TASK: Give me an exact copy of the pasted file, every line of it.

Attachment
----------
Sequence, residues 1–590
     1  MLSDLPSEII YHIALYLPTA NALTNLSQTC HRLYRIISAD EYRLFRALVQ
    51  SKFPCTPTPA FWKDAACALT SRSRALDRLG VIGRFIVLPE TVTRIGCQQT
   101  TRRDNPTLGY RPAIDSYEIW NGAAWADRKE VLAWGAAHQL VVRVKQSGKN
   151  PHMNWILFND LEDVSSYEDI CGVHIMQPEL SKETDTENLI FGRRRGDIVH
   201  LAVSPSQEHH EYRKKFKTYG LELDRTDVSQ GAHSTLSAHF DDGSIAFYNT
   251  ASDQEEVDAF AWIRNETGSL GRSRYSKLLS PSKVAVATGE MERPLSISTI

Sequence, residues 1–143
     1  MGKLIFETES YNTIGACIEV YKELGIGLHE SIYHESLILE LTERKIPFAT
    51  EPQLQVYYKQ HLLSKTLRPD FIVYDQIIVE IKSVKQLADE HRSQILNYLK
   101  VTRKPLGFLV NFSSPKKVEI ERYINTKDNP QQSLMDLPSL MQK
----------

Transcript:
Sequence, residues 1–590
     1  MLSDLPSEII YHIALYLPTA NALTNLSQTC HRLYRIISAD EYRLFRALVQ
    51  SKFPCTPTPA FWKDAACALT SRSRALDRLG VIGRFIVLPE TVTRIGCQQT
   101  TRRDNPTLGY RPAIDSYEIW NGAAWADRKE VLAWGAAHQL VVRVKQSGKN
   151  PHMNWILFND LEDVSSYEDI CGVHIMQPEL SKETDTENLI FGRRRGDIVH
   201  LAVSPSQEHH EYRKKFKTYG LELDRTDVSQ GAHSTLSAHF DDGSIAFYNT
   251  ASDQEEVDAF AWIRNETGSL GRSRYSKLLS PSKVAVATGE MERPLSISTI

Sequence, residues 1–143
     1  MGKLIFETES YNTIGACIEV YKELGIGLHE SIYHESLILE LTERKIPFAT
    51  EPQLQVYYKQ HLLSKTLRPD FIVYDQIIVE IKSVKQLADE HRSQILNYLK
   101  VTRKPLGFLV NFSSPKKVEI ERYINTKDNP QQSLMDLPSL MQK